You then have 7 seconds to take your shot. At the 15 yard line you have 9 seconds to draw your pistol, shoot 2 rounds, conduct a speed reload, and put 2 more rounds into your target. When you talk about all this drawing from the holster, (which is what CPP is ALL ABOUT!) 90% of your shots in CPP come from the holster, meaning that having something as easy to use as the Serpa pays huge dividends. The finger lock – a small cam that is depressed on the exterior of the holster by your trigger finger – allows you to release the pistol from the holster, start to draw and slide your trigger finger right into place. The lack of a “cover” or flap over the grip makes sliding your palm down your body, and getting your firing hand into place a piece of cake.
The overall cut of the holster allows for an easy draw. The leg straps keep the holster secure and in place while moving around. I didn’t have an opportunity to do any running and gunning with this holster so cannot speak to its performance there. It can be attached to a patrol, riggers belt, or cobra belt easily via the provided straps. I hung mine of my BLACKHAWK Gun Instructor’s Belt that I wear on my uniform.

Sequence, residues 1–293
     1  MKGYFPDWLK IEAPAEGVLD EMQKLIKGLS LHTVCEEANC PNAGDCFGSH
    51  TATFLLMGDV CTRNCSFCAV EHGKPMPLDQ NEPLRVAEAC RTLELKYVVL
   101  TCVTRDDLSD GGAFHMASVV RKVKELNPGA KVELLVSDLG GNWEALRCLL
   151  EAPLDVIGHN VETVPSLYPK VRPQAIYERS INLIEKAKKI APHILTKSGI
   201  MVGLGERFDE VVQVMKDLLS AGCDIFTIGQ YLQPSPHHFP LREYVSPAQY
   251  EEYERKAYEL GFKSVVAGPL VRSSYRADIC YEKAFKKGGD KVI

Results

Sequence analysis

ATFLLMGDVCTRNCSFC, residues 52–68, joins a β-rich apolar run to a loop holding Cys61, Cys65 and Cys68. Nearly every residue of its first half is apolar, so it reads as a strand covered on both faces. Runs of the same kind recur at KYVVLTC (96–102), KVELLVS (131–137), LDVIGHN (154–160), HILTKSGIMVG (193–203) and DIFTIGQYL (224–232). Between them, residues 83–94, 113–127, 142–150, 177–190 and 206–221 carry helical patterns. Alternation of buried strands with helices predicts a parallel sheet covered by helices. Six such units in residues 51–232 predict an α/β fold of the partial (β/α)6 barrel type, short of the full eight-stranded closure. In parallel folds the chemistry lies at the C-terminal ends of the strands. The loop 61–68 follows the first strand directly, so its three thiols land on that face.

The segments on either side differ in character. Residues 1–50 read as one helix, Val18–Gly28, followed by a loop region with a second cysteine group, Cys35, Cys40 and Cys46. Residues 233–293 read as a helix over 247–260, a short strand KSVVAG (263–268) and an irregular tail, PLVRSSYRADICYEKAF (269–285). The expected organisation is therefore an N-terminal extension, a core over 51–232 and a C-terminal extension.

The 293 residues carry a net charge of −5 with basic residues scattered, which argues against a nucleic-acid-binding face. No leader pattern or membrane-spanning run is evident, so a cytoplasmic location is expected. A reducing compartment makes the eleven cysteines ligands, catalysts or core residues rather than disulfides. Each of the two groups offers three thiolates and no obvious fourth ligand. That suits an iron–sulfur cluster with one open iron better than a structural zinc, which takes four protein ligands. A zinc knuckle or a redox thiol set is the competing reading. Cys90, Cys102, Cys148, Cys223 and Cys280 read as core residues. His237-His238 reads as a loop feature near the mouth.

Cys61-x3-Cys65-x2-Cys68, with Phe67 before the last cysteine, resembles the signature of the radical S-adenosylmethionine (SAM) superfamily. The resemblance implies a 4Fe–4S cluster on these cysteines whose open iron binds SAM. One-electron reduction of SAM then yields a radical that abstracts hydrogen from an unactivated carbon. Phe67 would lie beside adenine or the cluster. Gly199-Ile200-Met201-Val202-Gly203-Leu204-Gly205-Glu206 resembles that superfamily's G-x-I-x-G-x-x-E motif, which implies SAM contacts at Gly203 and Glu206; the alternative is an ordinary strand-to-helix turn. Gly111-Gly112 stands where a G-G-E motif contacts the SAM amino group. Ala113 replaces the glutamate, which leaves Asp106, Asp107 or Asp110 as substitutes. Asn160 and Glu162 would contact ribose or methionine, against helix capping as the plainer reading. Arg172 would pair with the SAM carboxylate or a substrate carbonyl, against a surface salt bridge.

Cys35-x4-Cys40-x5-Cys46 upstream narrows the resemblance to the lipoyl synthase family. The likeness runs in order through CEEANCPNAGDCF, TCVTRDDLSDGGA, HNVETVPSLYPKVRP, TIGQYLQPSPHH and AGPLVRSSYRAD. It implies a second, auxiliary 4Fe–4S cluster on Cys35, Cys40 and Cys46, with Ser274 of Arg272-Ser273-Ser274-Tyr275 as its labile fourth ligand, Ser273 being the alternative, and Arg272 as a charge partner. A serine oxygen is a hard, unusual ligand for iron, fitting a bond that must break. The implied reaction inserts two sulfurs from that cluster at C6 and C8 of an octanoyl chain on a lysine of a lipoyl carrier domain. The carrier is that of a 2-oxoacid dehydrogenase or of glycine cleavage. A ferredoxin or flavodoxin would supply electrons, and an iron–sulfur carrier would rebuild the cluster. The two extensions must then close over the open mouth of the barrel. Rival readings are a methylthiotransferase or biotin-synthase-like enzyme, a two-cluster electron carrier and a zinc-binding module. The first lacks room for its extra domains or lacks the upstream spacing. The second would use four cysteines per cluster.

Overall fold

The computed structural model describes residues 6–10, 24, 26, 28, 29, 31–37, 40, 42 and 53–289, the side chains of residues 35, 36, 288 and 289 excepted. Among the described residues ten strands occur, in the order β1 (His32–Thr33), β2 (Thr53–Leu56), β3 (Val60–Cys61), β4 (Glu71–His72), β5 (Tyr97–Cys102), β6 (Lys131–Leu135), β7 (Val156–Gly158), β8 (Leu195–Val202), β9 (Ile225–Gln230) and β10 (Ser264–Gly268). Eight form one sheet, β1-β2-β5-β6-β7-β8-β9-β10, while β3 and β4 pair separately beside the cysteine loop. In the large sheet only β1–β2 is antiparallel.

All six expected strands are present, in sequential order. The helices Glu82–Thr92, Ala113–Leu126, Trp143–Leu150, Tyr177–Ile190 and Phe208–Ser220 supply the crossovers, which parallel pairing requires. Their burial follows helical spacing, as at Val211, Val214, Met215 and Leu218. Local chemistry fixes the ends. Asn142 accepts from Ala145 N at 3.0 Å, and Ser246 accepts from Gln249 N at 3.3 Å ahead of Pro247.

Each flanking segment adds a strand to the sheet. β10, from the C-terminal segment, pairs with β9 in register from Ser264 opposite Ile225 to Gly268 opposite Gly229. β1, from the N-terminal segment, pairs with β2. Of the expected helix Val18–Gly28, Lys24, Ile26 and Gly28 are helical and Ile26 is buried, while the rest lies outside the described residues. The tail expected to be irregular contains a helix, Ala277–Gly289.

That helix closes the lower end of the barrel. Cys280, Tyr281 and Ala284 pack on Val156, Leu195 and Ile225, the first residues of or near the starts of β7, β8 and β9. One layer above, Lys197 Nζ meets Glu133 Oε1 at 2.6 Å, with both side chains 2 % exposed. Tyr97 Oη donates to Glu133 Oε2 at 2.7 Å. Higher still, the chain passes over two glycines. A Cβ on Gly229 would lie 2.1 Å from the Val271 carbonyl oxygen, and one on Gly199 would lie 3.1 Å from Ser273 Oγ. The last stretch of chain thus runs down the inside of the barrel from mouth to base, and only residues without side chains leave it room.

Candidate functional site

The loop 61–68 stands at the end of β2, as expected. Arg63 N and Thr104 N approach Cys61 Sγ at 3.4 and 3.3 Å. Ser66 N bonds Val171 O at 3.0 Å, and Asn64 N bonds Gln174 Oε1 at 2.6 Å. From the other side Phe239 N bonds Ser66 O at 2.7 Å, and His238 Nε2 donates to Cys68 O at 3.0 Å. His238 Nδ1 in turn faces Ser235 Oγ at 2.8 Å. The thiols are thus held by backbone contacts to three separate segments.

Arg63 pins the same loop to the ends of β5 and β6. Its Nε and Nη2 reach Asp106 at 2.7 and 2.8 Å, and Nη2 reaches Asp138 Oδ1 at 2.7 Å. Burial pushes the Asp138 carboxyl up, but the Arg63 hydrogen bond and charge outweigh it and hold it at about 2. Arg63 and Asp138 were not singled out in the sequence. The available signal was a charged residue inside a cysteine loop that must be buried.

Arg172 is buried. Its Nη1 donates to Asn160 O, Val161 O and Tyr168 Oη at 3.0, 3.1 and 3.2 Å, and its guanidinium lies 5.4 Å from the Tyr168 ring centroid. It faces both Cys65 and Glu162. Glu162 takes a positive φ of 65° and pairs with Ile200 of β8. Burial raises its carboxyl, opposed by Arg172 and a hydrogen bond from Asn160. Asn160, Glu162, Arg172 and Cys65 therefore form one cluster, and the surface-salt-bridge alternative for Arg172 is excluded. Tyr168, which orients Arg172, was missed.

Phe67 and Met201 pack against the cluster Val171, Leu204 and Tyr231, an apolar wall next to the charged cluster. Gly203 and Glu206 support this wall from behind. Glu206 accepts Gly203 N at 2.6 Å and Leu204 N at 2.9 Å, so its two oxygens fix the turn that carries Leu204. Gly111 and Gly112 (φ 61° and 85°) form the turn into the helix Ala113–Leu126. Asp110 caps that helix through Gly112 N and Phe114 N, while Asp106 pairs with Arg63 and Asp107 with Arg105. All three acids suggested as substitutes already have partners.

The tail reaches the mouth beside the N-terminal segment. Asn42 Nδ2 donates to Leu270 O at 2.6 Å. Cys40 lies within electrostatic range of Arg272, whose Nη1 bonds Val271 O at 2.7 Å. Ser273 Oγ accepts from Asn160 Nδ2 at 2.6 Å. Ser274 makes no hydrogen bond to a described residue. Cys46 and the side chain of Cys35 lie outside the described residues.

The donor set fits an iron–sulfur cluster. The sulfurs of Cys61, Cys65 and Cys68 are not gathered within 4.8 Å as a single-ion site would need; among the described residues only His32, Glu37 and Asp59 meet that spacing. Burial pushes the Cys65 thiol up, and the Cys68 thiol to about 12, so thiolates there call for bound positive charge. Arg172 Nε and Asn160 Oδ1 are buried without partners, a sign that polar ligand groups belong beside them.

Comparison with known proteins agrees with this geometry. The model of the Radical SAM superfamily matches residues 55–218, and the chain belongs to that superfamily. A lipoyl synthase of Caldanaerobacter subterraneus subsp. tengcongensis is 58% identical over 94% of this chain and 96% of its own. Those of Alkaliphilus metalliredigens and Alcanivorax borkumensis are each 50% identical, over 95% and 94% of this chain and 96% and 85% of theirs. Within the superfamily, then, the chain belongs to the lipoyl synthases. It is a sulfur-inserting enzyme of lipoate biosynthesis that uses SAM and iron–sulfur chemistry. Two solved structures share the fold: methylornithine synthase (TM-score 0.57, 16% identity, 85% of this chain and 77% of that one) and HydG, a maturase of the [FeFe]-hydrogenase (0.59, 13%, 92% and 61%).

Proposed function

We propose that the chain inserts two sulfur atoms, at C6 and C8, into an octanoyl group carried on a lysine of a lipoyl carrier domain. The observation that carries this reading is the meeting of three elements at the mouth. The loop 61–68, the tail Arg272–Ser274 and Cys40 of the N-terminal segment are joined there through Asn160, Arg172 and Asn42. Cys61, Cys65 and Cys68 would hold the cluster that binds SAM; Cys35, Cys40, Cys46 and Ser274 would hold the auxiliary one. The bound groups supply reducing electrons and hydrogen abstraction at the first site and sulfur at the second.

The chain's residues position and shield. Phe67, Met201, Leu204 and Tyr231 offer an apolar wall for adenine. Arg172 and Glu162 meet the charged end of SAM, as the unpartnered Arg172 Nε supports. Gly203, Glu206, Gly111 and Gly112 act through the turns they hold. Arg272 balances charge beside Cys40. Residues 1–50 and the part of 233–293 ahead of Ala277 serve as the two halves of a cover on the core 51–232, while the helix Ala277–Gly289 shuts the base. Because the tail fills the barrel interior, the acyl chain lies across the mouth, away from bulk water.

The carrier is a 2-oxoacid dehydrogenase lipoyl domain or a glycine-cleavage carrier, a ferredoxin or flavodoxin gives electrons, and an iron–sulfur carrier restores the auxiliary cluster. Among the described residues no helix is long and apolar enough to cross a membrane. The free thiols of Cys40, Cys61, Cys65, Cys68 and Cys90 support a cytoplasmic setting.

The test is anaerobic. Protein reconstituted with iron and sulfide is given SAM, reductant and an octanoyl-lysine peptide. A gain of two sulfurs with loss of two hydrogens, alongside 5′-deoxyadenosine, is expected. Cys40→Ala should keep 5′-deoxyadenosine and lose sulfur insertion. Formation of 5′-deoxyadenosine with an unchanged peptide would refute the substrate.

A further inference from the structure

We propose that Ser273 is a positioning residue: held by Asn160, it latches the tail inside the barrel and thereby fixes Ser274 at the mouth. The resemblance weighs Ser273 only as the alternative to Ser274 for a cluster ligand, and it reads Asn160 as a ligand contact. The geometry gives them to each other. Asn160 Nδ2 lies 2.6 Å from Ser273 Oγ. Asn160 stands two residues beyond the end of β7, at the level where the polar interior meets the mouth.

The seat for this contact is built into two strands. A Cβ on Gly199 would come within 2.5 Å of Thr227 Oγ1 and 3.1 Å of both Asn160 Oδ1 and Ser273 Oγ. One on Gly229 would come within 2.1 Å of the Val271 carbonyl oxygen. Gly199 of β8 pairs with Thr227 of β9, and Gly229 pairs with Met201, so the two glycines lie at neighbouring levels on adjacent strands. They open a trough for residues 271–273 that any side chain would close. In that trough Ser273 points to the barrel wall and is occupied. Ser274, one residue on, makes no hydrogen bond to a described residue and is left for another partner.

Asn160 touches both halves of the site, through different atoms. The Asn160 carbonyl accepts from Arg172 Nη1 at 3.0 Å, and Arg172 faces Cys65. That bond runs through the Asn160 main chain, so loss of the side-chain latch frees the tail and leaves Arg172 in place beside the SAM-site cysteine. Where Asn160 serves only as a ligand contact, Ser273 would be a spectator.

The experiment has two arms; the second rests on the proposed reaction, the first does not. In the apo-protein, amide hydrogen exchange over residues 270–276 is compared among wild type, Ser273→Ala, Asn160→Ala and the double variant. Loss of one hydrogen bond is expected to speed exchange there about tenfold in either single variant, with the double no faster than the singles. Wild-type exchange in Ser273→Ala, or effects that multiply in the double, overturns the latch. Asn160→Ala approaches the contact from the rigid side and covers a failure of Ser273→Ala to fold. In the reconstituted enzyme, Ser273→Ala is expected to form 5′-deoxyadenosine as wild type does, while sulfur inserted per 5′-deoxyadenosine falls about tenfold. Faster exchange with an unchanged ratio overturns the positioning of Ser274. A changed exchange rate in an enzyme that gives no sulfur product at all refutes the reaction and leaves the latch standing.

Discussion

Serpa Holster Overall
3 Stars. I have had this holster for some time, and have used it in numerous situations. However when I purchased the add-on pistol bungee retainer, to comply with current Marine Corps Order and tried to install it, let’s just say that was a nightmare that required disassembly and reassembly. Somewhere something went wrong, and the plastic spring that “pops” the pistol out when you hit the release no longer works.
4 Stars. This is a great holster, that BLACKHAWK has only improved upon since I bought mine. The quick release kits that they now sell allows you to switch between thigh rig and mounting on a shoulder holster, or on your body armor.
4 Stars. My biggest complaint with this holster, is no longer an issue to anyone looking to purchase one now. That was that it required modification to meet Marine Corps standards. This is no longer the case, making this an outstanding holster for the price. The tactical drop holster will run you about $140 dollars, which is steep, however you get a lot for that money. Especially in regards to functionality and durability.
Overall it was a great two weeks of shooting and learning, with some great gear.